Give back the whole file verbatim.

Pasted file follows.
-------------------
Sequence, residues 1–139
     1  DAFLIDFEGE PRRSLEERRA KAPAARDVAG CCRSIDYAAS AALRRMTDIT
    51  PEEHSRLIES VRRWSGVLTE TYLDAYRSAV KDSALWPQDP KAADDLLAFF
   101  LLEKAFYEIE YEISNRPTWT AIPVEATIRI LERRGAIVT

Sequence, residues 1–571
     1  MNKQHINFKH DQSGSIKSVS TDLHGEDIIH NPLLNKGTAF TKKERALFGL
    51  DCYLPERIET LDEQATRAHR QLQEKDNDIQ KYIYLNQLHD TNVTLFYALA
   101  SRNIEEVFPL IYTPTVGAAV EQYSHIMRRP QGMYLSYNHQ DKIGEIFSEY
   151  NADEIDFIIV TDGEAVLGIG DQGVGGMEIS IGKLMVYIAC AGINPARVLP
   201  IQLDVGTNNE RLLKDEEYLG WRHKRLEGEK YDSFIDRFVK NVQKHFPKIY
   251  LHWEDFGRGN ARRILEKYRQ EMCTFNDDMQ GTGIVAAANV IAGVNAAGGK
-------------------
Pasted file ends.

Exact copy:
Sequence, residues 1–139
     1  DAFLIDFEGE PRRSLEERRA KAPAARDVAG CCRSIDYAAS AALRRMTDIT
    51  PEEHSRLIES VRRWSGVLTE TYLDAYRSAV KDSALWPQDP KAADDLLAFF
   101  LLEKAFYEIE YEISNRPTWT AIPVEATIRI LERRGAIVT

Sequence, residues 1–571
     1  MNKQHINFKH DQSGSIKSVS TDLHGEDIIH NPLLNKGTAF TKKERALFGL
    51  DCYLPERIET LDEQATRAHR QLQEKDNDIQ KYIYLNQLHD TNVTLFYALA
   101  SRNIEEVFPL IYTPTVGAAV EQYSHIMRRP QGMYLSYNHQ DKIGEIFSEY
   151  NADEIDFIIV TDGEAVLGIG DQGVGGMEIS IGKLMVYIAC AGINPARVLP
   201  IQLDVGTNNE RLLKDEEYLG WRHKRLEGEK YDSFIDRFVK NVQKHFPKIY
   251  LHWEDFGRGN ARRILEKYRQ EMCTFNDDMQ GTGIVAAANV IAGVNAAGGK